It’s hard to imagine how Putin’s reign survives Ukraine’s blunder
As I write, a 40-mile-long convoy of Russian “blue helmets” – that is, tanks, armored personnel carriers and mobile artillery – is approaching Kiev with the clear intention to force the Ukrainian people to surrender. The dead-eyed little Kremlin killer is too scared to back down.
Even so, it will not happen. Vladimir Putin’s forces can besiege the Ukrainian capital and demolish its monuments – albeit at a horrifying cost to the conscripted Russian army – but overcoming the patriotic resolve of its people seems beyond its capabilities. So far, Putin’s invasion has accomplished two things: making Ukraine an international symbol of democracy and making Russia’s gangster state an international pariah.
And a bankrupt pariah to boot.
Already, the reputation of Russia’s vaunted military has been tarnished by a display of logistical incompetence that has left its forces short of fuel, stranded and at the mercy of Ukrainian irregulars. The Washington Post reports that “videos from around the country depicted scenes of burnt Russian tanks, dead Russian soldiers, and captured Russians, some barely out of their teens, making plaintive pleas to their parents.”
They’re mostly conscripts, you know. Obviously, many had no idea they were being ordered to invade. Putin has little regard for Russian lives either.
Moreover, even if Putin’s forces were to capture or kill Ukrainian President Volodymyr Zelenskyy, they will first have succeeded in transforming him into a heroic avatar: a living symbol of freedom who used his talents as a television entertainer to rally his people against the brutality of the Kremlin.
Frankly, it’s hard to imagine how Putin’s reign survives the consequences of his huge gaffe. “When dictators rule for decades,” former US Ambassador to Russia Michael McFaul wrote on Twitter, “they 1. stop listening to advisers, 2. disconnect from reality, 3. spend a lot of time alone and 4. go too far This is exactly what happened to Putin.
McFaul also tweeted that he is “confident to predict that Putin’s evil invasion of Ukraine marks the beginning of the end of Putin’s dictatorship and Putinism in Russia. No moral person can support this heinous war. There is has millions of legal persons in Russia.
Frankly, it’s good to remember that. All over Europe, athletes refuse to play against Russian teams. In Moscow, however, the costs of dissent are high.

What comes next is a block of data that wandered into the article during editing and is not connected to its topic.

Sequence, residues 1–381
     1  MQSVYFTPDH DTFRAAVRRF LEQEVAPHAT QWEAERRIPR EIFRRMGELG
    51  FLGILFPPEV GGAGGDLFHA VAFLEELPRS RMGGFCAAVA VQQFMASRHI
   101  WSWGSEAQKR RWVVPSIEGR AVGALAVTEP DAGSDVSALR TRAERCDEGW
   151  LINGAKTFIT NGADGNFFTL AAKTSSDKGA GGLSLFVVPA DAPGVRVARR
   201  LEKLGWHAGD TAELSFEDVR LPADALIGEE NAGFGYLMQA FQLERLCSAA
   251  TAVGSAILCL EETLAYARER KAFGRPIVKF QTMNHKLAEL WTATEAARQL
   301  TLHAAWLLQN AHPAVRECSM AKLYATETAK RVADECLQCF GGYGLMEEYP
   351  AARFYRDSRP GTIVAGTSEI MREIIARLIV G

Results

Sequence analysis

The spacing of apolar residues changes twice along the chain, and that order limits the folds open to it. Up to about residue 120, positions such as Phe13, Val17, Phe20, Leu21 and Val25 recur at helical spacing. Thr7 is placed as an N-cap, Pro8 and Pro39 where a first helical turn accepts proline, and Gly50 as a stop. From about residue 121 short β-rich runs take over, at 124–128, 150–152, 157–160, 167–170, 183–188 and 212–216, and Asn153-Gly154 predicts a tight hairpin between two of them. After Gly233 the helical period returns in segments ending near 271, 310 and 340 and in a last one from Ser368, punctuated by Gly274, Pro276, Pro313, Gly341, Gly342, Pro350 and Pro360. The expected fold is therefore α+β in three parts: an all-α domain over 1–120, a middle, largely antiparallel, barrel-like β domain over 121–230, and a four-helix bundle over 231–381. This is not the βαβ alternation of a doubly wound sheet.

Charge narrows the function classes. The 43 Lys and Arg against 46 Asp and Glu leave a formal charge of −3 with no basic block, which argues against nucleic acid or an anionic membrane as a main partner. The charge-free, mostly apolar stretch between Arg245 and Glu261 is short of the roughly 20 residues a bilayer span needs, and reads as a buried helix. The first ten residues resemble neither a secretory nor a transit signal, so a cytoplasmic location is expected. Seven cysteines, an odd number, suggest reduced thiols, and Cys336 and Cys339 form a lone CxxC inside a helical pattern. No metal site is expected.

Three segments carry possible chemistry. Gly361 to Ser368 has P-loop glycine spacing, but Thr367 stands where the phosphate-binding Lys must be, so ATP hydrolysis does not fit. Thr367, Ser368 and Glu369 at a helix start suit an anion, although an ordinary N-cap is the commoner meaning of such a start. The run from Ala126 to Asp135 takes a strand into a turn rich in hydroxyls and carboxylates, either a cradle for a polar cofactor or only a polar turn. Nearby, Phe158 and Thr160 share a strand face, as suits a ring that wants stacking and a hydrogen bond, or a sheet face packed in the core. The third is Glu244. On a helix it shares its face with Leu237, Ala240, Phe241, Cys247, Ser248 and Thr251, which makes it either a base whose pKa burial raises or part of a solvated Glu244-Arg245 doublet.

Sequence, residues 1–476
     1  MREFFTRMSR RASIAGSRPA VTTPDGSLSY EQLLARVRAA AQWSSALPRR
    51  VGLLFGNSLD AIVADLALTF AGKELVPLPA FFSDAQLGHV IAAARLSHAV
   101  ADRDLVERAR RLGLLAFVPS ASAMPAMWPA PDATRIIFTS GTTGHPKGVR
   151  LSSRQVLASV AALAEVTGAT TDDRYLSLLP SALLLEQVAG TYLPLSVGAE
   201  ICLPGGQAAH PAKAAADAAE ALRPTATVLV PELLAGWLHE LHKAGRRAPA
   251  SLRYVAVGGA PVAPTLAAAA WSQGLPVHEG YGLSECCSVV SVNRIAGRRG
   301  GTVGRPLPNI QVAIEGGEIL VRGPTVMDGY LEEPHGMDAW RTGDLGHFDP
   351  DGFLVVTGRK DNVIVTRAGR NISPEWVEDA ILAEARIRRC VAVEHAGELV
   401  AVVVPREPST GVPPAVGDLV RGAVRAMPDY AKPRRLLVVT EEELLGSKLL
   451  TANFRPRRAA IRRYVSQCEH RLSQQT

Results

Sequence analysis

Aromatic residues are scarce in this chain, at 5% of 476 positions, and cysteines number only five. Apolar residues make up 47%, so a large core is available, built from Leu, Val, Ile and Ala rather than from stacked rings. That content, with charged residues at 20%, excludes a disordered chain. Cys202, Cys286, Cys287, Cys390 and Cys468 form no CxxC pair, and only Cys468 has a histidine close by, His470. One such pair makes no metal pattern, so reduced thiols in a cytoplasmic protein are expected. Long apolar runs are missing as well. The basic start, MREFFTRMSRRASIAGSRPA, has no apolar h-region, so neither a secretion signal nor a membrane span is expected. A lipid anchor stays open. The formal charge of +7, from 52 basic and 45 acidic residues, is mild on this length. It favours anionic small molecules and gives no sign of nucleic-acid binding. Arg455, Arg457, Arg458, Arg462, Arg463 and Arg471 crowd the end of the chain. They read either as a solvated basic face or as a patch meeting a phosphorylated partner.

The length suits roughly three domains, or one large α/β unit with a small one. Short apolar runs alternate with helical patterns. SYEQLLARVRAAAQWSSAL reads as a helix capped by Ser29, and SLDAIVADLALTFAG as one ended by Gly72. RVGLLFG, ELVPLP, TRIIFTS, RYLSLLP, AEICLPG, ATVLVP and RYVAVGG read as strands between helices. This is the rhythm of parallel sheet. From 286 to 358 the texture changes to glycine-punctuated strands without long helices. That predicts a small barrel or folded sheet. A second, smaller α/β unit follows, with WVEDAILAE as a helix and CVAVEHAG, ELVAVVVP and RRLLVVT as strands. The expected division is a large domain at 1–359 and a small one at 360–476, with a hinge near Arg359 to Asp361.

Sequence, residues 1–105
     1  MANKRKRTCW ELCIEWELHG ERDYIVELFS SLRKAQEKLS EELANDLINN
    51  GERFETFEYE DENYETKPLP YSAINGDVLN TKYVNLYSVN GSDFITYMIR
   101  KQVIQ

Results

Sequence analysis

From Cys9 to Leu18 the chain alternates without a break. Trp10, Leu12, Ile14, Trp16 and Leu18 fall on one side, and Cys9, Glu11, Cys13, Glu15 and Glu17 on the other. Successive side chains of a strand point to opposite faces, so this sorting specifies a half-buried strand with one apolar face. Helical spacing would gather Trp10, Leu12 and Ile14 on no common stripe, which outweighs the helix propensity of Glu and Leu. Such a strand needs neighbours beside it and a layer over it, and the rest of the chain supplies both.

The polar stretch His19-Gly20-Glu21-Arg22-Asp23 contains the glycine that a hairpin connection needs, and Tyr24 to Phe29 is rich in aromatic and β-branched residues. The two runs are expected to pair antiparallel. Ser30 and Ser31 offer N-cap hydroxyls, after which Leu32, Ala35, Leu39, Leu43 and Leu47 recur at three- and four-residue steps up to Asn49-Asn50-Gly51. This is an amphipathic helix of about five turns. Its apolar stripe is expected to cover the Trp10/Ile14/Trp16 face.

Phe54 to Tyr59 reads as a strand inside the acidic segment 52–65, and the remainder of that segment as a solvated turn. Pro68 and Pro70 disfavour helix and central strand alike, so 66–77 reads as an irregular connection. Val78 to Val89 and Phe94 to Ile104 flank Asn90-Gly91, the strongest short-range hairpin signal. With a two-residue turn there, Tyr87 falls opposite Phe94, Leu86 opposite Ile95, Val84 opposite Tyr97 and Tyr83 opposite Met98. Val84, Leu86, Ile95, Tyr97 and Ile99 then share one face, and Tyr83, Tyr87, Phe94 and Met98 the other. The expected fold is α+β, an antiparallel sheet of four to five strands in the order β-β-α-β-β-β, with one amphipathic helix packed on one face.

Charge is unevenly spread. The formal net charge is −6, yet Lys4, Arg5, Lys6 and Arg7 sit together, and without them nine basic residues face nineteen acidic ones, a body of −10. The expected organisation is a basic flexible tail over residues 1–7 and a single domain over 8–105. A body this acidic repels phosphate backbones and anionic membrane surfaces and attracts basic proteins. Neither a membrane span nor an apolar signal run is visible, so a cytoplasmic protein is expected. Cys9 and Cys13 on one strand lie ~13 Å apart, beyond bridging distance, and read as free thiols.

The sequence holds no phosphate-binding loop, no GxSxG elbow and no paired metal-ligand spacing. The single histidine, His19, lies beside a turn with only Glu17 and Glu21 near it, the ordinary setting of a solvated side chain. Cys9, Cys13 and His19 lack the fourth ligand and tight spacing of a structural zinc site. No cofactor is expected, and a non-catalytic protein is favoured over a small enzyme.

Putin’s political rivals keep falling off tall buildings and finding deadly toxins in their underwear. Chances are he’s bluffing about Russia’s nuclear arsenal, like a bar brawler demanding his friends hold him back. Nevertheless, if the tyrant’s rage and paranoia caused him to order a nuclear strike, I suspect the patriotic Russian officers would refuse.
And that could well be the end of it.
Closer to home, Trump’s Republicans find it hard to remember which side they are on, let alone remember that their hero was impeached for trying to blackmail President Zelenskyy into conjuring up a false investigation of Joe Biden. Trump also froze military aid to Ukraine and even echoed Kremlin propaganda that Ukraine, not Russia, interfered in the 2016 US election.
Eric Boehlert points out that on Fox News, whose commentators are regularly featured on Russian state television, a smirk “Laura Ingraham derided… Zelenskyy’s impassioned plea for peace as a ‘pathetic display of a “defeated man”. Tucker Carlson announced, “No one on this show is… rooting for Ukrainians, by the way,” insisting that Putin “just wants to keep his western borders secure.” Famous author and Ohio GOP Senate candidate JD Vance said, “I don’t care what happens to Ukraine one way or another.
After the political tides turned, Vance did too.
That’s who they are, America. Memory.
Meanwhile, on the weak wing of the Republican Party, the inimitable Marjorie Taylor Greene spoke at a white supremacist rally in Orlando whose organizers cheered on Russia.
“Putin, Putin, Putin!” chants the crowd.
Greene then pretended to ignore the group’s opinions.
It’s only been a month since Vance, who has previously called Trump an “idiot” and likened his fanbase to opioid addicts, said he was “honored” to accept Greene’s endorsement.
Today’s white nationalists are the spiritual (and sometimes literal) descendants of the “America First” movement of the 1930s, which held pro-Nazi rallies from Madison Square Garden to Pearl Harbor.
So yes, America, we’ve seen this movie before.
Then there is the big man himself. Even as the tanks rolled by, Donald J. Trump called Vladimir Putin a “scholar” and a “genius.” Speaking at a fundraiser in Florida, he described the Russian invasion as a smart real estate deal.
“He took over a country for $2 in sanctions,” Trump said. “To take over a country – really a big, vast place, a big piece of land with a lot of people – and just walk in it.”
The man is a moral fool.
Now he says that if he had been president, Russia wouldn’t have dared – this guy who practically sent an engraved invitation to Putin.
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